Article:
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View Full Version : How to kill Protopaly's - One man's journey to freedom


Crabb
03/03/2017, 07:12 PM
So I gotta say, I love soft corals. But I loathe the ugly, destructive, unregulated and ridiculously fast growth of protopaly's. Perhaps you don't know the one's I'm talking about, but it's the ugly brown ones that come as a hitchhiker and decimate your favorite colonies of Zoanthids, Palythoas, Ricordias, etc, etc.

So I took matters into my own hands. WARNING: Protopalys can potentially be toxic. Be sure to wash your hands before and after said extermination, and be insanely careful if you decide to use this method.

I experimented with several different "cocktails", but the one I found the most effective was: one part 1/2 strength BRS calcium chloride, one part white acetic acid, and two capsules of cayenne pepper with 40,000 capsaicin heat units each. Let the solution sit for approximately 10-20 minutes and strain through a paper towel. Take a 60 mL syringe and a 24 gauge needle and inject into the tissue of the offending protopaly group AND individually as much as you can. It's best to do this from a point where you can visualize from the top of the tank. Turning off any power-heads helps immensely. The injection typically will follow the collateral circulation of the coral to other adjoined members. Use only a 60 mL portion approximately every 5 days so as not to cause tank destabilization, and ALWAYS run charcoal throughout this time. Give it about 5 days, and during that time you will see the tissue slowly recede and dissolve. Inject any remaining offenders one at a time, carefully injecting each one. Continue doing this until your problem is gone. Afterwards ALWAYS wash your hands and NEVER re-cap the needle with your hands! Use the needle and insert it into the cap without using your hands and use a flat vertical surface to secure it.

I know, some are probably aghast at the idea of killing coral, and yet these same people would no doubt embrace such methods to eradicate aiptasia, mojanos, or other nuisance type creatures. I must admit, I would have rather found a home or other use for them. But when push comes to shove and your growth threatens other members in an enclosed environment, I will cull the herd to promote balance, diversity, and growth.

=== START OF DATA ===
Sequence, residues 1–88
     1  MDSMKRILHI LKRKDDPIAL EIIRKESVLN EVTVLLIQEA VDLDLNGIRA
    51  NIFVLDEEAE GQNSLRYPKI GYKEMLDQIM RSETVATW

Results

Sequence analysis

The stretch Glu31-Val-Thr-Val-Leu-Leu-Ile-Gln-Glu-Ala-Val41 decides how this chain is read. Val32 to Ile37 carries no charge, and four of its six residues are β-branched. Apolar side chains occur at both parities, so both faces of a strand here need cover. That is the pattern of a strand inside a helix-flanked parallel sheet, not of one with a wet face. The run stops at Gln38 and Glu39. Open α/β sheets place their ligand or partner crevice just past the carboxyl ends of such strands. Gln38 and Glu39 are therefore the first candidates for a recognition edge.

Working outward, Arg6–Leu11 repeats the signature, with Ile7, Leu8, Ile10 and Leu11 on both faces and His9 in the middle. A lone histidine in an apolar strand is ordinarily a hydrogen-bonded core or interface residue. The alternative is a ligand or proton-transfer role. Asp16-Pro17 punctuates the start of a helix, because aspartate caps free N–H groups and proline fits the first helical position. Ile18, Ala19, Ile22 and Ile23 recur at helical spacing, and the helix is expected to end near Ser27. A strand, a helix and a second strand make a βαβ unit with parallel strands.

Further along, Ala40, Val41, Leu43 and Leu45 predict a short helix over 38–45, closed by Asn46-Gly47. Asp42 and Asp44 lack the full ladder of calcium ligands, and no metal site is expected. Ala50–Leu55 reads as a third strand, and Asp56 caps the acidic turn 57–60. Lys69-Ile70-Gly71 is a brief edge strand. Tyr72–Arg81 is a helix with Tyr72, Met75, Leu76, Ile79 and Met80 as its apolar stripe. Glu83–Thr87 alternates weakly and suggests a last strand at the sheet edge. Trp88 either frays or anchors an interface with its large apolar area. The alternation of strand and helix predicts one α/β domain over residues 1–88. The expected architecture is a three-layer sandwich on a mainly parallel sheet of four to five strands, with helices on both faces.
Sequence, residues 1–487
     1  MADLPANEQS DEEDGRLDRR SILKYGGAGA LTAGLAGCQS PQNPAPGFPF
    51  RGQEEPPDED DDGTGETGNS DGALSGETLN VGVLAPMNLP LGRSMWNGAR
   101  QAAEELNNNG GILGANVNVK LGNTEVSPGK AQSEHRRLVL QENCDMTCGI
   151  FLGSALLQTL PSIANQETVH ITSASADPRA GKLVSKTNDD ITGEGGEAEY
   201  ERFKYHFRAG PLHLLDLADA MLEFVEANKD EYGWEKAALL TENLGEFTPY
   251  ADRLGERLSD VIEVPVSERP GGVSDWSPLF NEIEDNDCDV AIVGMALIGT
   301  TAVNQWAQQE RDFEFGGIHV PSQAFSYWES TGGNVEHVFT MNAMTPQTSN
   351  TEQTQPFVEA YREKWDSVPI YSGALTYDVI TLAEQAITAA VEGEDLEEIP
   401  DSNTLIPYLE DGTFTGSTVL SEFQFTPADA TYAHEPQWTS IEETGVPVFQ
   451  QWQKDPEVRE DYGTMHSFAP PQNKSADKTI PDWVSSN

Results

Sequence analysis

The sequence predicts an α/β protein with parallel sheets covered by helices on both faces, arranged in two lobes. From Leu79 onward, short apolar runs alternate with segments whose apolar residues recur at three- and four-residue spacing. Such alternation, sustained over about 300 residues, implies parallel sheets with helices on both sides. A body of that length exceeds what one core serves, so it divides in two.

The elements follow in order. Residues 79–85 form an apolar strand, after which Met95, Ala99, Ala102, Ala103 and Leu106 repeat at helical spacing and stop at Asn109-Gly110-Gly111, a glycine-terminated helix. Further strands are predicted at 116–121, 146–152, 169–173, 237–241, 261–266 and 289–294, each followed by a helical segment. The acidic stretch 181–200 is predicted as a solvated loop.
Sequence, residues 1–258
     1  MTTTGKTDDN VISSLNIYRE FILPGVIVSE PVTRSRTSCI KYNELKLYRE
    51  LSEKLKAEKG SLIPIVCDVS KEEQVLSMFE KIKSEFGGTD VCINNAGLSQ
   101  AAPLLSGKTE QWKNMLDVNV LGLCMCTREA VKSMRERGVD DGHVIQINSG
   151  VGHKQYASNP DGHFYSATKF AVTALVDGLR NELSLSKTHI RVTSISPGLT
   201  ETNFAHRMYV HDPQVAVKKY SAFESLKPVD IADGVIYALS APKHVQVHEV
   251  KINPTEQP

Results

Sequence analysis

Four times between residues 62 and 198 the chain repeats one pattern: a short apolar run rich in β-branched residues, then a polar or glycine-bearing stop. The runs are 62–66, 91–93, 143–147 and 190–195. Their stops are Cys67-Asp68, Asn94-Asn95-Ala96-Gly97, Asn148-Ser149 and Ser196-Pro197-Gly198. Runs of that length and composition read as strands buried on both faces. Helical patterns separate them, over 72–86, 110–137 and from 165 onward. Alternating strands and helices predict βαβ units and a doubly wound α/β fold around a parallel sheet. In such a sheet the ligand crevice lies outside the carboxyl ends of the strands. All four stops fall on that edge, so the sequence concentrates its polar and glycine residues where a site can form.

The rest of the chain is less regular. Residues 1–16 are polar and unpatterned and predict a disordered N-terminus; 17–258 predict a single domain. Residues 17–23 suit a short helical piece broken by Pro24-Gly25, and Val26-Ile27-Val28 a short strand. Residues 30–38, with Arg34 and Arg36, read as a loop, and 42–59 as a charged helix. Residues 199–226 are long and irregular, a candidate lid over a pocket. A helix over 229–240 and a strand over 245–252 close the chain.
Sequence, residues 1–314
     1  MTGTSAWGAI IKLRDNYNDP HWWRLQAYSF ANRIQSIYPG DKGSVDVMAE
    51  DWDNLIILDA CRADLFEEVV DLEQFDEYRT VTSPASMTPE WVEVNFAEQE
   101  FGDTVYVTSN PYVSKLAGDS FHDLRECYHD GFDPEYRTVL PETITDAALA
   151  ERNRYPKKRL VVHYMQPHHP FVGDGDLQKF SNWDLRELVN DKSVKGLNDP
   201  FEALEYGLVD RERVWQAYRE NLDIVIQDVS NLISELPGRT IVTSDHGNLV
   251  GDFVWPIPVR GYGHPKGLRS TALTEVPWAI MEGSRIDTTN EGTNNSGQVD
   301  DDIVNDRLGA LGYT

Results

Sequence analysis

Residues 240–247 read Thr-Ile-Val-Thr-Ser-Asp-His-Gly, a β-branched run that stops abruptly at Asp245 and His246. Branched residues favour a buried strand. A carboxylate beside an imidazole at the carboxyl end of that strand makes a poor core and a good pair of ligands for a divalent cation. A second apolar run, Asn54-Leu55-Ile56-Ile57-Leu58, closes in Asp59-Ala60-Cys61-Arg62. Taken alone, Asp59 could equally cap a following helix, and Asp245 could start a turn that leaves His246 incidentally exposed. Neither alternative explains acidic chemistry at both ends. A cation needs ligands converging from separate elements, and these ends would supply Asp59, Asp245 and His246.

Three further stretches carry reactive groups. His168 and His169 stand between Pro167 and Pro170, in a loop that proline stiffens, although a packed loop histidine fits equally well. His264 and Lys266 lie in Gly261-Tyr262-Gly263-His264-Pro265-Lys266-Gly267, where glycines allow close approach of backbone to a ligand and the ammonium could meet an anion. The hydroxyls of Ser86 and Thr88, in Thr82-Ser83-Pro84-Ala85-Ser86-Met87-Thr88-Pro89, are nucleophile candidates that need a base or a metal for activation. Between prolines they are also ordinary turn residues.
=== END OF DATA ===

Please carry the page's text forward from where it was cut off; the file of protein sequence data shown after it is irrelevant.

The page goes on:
For those facing a similar problem I wanted to make it known. YOU ARE NOT ALONE.

BTW you may also notice that if this oozes out of the paly it will irritate small live-rock inhabitants in close proximity (aka bristle worms, copepods, etc). Don't worry, it doesn't kill them, they just hurriedly move to another area.:beer::uzi:

mighties_keeper
03/07/2017, 03:24 AM
Your paly killing would work better if you removed the nuisance rock into a large plastic bowl full of tank water. Then drain your bowl in the sink. Then you would not poisoning your tank with paly toxins and your suicide juice.

Crabb
03/09/2017, 04:02 PM
Suicide juice. I like it. It's spicy.

Can't, because like many others, I'd rather not spend weeks at this (in point of fact I did remove one rock and threw it away). The juice and death is not bothering any of the other non-offending species. As far as degradation of the offending organisms into the tank? Yes, I have slightly more brown in my filter sock, a little juice in my protein skimmer, and I changed the carbon and have been running some intermittent doses of ozone. All told, tank is clean, fish are fat and happy, coral is doing well. There's a couple of spots of algae, and new patches of cyano, but I expected that. To be honest, extra nutrients seem to do my other softies well in the interim.

However, PALY DEATH is doing quite well. In fact it seems to follow the collaterals for some distance when injected directly into the paly stem. Muhahahaha. Bristle worms come out at night to eat the left over tissue, as well as some amphipods. Need a peppermint shrimp that likes spicy food though...